Proposed changes in illegal drugs law: ‘More harm than good’ — CHR

Published March 3, 2021, 5:43 PM

by Czarina Nicole Ong Ki

The Commission on Human Rights (CHR) has expressed serious concern over House Bill No. 7814 which would amend certain provisions of the anti-illegal drugs law like presuming outright the guilt of all suspects upon arrest.

Commission on Human Rights (MANILA BULLETIN)
Commission on Human Rights

The CHR said the proposed legislation would make an individual “who shields, harbors, screens, or facilitates the escape of, or prevents the arrest, prosecution, or conviction of the importer or exporter” of illegal drugs guilty upon arrest.

It also said the bill presumes guilty a person who is caught in possession of purchase orders, receipts, or other similar documents related to the illegal drugs trade.

It stressed that criminal suspects are presumed innocent until proven otherwise.

HB 7814 seeks to amend certain provisions of Republic Act No. 9165, the Comprehensive Dangerous Drugs Act of 2002. Last March 2, lawmakers approved on bill on second reading.

CHR Spokesperson lawyer Jacqueline Ann de Guia said that lawmakers should contemplate the legislation’s legality and consistency with human rights standards so as to protect an accused against wrongful conviction.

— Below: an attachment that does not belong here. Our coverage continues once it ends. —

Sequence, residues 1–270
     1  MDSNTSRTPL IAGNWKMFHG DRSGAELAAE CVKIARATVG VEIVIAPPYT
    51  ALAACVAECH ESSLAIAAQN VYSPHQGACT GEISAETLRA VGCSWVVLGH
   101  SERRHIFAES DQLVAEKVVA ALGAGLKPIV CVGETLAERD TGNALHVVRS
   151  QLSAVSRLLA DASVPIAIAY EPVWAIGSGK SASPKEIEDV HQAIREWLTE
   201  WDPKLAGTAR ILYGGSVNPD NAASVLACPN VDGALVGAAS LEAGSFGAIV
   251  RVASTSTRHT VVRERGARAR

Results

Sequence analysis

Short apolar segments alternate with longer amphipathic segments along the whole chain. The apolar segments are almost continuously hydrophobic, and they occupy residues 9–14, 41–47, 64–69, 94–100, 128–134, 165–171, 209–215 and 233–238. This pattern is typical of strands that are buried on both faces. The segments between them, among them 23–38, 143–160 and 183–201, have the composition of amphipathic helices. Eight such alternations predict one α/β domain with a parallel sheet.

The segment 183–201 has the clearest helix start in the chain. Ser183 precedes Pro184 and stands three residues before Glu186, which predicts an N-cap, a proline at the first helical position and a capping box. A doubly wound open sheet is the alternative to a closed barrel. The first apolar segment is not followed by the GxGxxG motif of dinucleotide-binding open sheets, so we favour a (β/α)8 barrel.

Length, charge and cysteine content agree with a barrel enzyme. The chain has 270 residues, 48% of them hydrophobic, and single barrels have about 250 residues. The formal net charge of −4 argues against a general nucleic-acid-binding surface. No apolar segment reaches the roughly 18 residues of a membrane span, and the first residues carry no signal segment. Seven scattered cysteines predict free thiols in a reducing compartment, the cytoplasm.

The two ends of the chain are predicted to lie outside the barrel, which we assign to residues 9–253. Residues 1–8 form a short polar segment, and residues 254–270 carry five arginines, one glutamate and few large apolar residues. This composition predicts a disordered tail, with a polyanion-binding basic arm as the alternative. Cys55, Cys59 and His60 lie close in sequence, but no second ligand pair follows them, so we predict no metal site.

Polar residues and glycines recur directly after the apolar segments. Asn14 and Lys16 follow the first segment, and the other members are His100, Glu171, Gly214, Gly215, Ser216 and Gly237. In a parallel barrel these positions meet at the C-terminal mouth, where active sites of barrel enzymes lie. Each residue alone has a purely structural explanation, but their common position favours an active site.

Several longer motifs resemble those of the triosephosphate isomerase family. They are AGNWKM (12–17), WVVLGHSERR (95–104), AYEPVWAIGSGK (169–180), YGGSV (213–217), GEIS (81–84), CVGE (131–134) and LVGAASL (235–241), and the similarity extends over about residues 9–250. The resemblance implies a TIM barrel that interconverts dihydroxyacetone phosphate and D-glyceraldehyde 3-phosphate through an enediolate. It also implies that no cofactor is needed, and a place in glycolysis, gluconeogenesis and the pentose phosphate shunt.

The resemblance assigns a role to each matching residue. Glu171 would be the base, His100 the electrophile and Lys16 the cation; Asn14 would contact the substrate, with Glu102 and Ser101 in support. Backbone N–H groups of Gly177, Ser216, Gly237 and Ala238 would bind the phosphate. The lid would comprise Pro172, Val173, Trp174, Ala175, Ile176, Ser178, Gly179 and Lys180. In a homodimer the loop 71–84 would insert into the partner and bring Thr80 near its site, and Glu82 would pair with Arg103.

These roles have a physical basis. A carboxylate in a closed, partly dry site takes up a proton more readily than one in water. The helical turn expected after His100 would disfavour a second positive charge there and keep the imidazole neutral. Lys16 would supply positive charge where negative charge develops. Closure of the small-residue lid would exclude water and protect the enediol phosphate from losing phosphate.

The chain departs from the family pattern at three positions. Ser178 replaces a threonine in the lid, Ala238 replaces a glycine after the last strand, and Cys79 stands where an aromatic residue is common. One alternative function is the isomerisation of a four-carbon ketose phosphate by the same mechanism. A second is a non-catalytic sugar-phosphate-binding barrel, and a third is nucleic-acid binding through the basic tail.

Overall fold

“While CHR supports the efforts of the government to eradicate the illegal drug menace in the country, we have been consistent in emphasizing that it must be at all times in accordance with the rule of law and human rights standards,” De Guia said.

The CHR noted that since the government launched an all-out drive against illegal drugs, various irregularities in the police operations have resulted in illegal arrests, wrongful convictions, and even deaths of innocent individuals.

Also, it said, there have also been delays in pursuing criminal investigation against these drugs-related deaths.

“Enacting a law that might produce more problems than actually addressing the drug problem itself,” De Guia.

“Instead of reversing the burden to prove the innocence of the accused, the CHR urges the government to ensure that its accountability mechanisms are working for the best interests of the people while looking into the drug problem holistically,” she said.

The CHR, she stressed, is hoping an “open and transparent” working relationship with the government, particularly on issues involving illegal drugs.